Brazil’s football team seems to have restored some of its mojo. But is that enough to win the World Cup in Qatar?
Judging by the mood back home, the answer is yes. Not many are doubting that the Seleção will win the title for a sixth time and the first time in 20 years.
Hemerson Cabral, 35, has noticed many changes in the building he works as a janitor in São Paulo, Brazil’s largest city.
Since the World Cup started last month, more Brazilian flags have been hanging out of windows and residents are immersed in the tournament.
“When Brazil are playing, many people finish work so they get back home earlier to watch it with the family or with the neighbours,” Cabral said, adding that he believes Brazil will beat France in the final.
“They are the only obstacle. It will be a great match and Brazil will win. The atmosphere at Brazil matches is second to none. I don’t think there are football fans like us. We enter the pitch with the players.”
Cabral is not the only one to believe in the Hexa (a sixth World Cup title for Brazil). According to a survey carried out by Apoema research, 71 percent of Brazilians think Brazil will win the title this year.
Football has been the country’s main talking point in the last few weeks. Everyone has an opinion. The World Cup and the team are dominating conversations in bars, work meetings and taxi rides.
Rio de Janeiro is hosting a FIFA Fan Festival, where people can watch the matches and concerts. The city is also hosting themed parties until the final on December 18.
The World Cup is also helping businesses boost their sales. Brazilian jerseys are seen everywhere.
When the World Cup started, Cintia Sampaio, 30, was surprised by the demand for jerseys at her shop in João Pessoa.
“The sales started to increase during the elections [in November] because people wore it [jersey] for the politics side of things,” Sampaio said.
“The World Cup started just after the elections, and it was insane. I was selling hundreds of jerseys daily, and it was so busy at the shop that I didn’t have the chance to have breakfast or lunch.”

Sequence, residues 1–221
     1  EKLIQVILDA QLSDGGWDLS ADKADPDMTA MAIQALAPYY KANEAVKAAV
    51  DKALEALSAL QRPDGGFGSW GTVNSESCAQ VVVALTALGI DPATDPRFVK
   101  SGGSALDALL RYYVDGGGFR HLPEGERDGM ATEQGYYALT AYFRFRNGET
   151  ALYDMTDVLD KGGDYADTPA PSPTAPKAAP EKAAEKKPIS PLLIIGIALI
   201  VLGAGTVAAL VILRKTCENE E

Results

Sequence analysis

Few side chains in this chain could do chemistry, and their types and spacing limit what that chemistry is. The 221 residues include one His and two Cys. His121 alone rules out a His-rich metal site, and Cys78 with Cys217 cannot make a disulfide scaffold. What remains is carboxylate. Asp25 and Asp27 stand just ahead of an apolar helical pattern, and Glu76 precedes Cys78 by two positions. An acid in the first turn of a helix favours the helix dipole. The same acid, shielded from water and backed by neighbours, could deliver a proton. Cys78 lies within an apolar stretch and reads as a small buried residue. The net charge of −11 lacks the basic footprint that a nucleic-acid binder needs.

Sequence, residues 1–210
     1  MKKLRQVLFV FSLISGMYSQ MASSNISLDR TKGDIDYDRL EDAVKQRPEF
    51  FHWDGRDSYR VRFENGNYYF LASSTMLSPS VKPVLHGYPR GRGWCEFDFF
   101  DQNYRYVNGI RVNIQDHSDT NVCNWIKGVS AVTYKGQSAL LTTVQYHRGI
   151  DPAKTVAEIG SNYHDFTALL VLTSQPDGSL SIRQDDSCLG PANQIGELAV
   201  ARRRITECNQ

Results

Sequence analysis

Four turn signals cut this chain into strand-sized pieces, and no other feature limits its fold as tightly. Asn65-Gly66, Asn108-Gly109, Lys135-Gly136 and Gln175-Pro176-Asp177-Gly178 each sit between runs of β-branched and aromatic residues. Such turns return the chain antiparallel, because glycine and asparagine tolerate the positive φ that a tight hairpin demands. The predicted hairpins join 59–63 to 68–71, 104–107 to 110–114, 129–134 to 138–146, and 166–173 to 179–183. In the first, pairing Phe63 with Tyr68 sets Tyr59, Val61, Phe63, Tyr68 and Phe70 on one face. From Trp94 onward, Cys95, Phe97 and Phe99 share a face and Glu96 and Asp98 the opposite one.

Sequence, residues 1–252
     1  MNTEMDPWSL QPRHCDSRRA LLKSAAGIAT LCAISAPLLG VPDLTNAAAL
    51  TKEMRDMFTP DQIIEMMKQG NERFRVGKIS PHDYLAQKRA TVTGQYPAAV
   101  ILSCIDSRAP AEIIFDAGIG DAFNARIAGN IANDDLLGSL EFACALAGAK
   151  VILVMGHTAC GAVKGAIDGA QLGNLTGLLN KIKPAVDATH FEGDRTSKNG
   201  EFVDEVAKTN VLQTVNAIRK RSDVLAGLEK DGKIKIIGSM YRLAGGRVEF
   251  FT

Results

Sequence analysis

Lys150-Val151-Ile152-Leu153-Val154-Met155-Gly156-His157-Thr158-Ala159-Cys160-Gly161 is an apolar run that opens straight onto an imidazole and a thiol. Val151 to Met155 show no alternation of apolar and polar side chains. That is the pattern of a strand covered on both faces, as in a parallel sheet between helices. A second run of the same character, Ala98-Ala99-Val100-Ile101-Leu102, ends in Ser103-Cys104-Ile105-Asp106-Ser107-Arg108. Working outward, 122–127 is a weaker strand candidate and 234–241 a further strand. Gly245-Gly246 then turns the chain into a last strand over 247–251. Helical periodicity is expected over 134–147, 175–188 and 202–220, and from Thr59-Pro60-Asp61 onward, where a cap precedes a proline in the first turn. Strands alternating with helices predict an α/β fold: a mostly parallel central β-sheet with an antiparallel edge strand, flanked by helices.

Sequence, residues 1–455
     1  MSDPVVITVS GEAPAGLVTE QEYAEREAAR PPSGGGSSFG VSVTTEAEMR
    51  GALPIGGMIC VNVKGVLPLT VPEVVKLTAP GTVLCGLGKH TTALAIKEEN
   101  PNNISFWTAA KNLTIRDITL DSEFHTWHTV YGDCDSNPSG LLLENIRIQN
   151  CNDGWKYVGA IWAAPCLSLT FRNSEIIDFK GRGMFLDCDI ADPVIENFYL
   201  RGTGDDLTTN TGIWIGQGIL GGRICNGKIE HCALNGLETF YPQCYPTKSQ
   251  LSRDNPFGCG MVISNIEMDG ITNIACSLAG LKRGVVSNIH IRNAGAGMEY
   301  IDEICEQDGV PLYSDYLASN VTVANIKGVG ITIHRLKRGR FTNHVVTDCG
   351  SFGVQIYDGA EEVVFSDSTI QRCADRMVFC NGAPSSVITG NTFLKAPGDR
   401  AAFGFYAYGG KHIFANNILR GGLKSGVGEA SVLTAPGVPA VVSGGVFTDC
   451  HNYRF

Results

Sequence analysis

Sampaio added that the blue jerseys have become very popular this year.
“I don’t have them now.”
Brazil’s passion for football is undeniable, but some people were concerned politics could outshine the matches. Unlike other years, the World Cup vibe just took over the country when the competition started on November 20.
In the last few years, Brazil has become highly divided by politics and national icons such as the Brazilian flag and yellow jersey have become a symbol of the extreme right.
Now, the streets are covered with green and yellow, and the mood across the country seems lighter, thanks to football.
“I think we are going through a moment of renovation in the country, we are happier,” said Melissa Paulino, 31.
“At least for me, it brings an extra level of excitement and energy to support Brazil. I believe the Hexa is coming now. It has been 20 years since we won the World Cup, so it is time, right?”
Like many others in the country, Paulino’s routine changes when Brazil plays. She makes sure to be free so she can focus on the game.
“It has been a long time since I felt so thrilled. I have mixed feelings about the match against Croatia. I’m also nervous because we can’t lose.
“I don’t have a ritual for watching the match but if I wear something when Brazil wins, I keep wearing it for the next matches. As you can imagine, the jersey I wore during the 7-1 [Brazil’s loss to Germany in World Cup 2014 semi-finals] doesn’t exist any more.”
But despite the widespread hope and optimism, some Brazilians believe the current side is not the best the country has seen.
Luciano Valente, 44, is concerned because “the players are childish, and they rely on Neymar too much”.
“We won most matches because the teams we faced weren’t at the top of their games,” Valente said. “From now on, we are going to compete with teams that are more aggressive and prepared. Do we have a chance to win? Sure, but we need emotional intelligence.”
Even those who aren’t usually football fans seem to enjoy the World Cup vibe.
Rosa Maria Ferreira, 72, likes watching the games alone at home. “I believe we’re going to win 4-0 against Croatia.”
Brazil won the last of its five world titles in 2002. Gabriel Furtado, 15, was not born then.
“I have never seen Brazil win a World Cup, so I have high expectations this year. I believe we have many chances to win. I am thrilled, I think we are going to beat Croatia,” said Furtado.
Like Paulino, Furtado also believes he can help the national team.
“I watch it with my family or with my school friends. Brazil won the matches I watched at home, so the quarter-final, I will watch it with my family.”